“It’s all right. I haven’t talked to her, either.” Since she had nothing to do with her hands, Eve poured a cup for herself that she didn’t intend to drink. “Everybody’s shook up by this. I didn’t know he had a heart problem.”
“Nobody did,” Feeney said quietly. “Nobody knew.”
She kept a hand on his shoulder as she scanned the overcrowded, overwarm room. When a fellow officer went down in the line of duty, cops could be angry, they could be focused, fix their target. But when death snuck in and crooked a capricious finger, there was no one to blame. And no one to punish.
It was helplessness she felt in the room and that she felt in herself. You couldn’t raise your weapon to fate, or your fist.
The funeral director, spiffy in his traditional black suit and as waxy-faced as one of his own clients, worked the room with patting hands and sober eyes. Eve thought she’d rather have a corpse sit up and grin at her than listen to his platitudes.
“Why don’t we go talk to the family together?”
It was hard for him, but Feeney nodded, set the untouched coffee aside. “He liked you, Dallas. ‘That kid’s got balls of steel and a mind to match,’ he used to tell me. He always said if he was ever jammed, you’d be the one he’d want guarding his back.”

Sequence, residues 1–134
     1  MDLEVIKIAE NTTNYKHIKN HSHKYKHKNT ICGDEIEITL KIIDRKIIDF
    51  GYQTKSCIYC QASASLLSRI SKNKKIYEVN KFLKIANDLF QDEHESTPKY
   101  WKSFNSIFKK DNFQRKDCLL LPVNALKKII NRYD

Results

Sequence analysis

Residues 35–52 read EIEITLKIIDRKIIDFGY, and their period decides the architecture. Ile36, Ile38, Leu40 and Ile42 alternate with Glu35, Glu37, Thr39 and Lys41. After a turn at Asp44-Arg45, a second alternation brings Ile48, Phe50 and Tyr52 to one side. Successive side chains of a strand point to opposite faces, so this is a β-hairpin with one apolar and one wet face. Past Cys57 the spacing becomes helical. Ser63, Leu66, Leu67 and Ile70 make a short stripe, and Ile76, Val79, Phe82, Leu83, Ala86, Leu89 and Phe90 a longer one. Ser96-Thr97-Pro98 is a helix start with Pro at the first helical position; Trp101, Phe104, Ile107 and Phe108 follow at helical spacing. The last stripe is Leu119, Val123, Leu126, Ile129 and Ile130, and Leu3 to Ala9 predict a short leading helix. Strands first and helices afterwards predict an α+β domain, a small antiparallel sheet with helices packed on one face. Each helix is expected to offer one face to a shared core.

It surprised and pleased her, and it simultaneously added to her sorrow. “I didn’t realize he thought of me that way.”
Feeney looked at her. She had an interesting face, not one he’d have called a heart-stopper, but it usually made a man look twice with its angles and sharp bones, the shallow dent in the chin. She had cop’s eyes, intense and measuring, and he often forgot they were a dark golden brown. Her hair was the same shade, cut short and badly in need of some shaping. She was tall and lean and tough-bodied.
He remembered it had been less than a month since he had come across her, battered and bloodied. But her weapon had been firm in her hand.
“He thought of you that way. So do I.” While she blinked at him, Feeney squared his hunched shoulders. “Let’s talk to Sally and the kids.”
They slipped through the crowd jammed together in a room oppressed with dark simulated wood, heavy red draperies, and the funereal smell of too many flowers crammed into too small a space.
Eve wondered why viewings of the dead were always accompanied by flowers and draping sheets of red. What ancient ceremony did it spring from, and why did the human race continue to cling to it?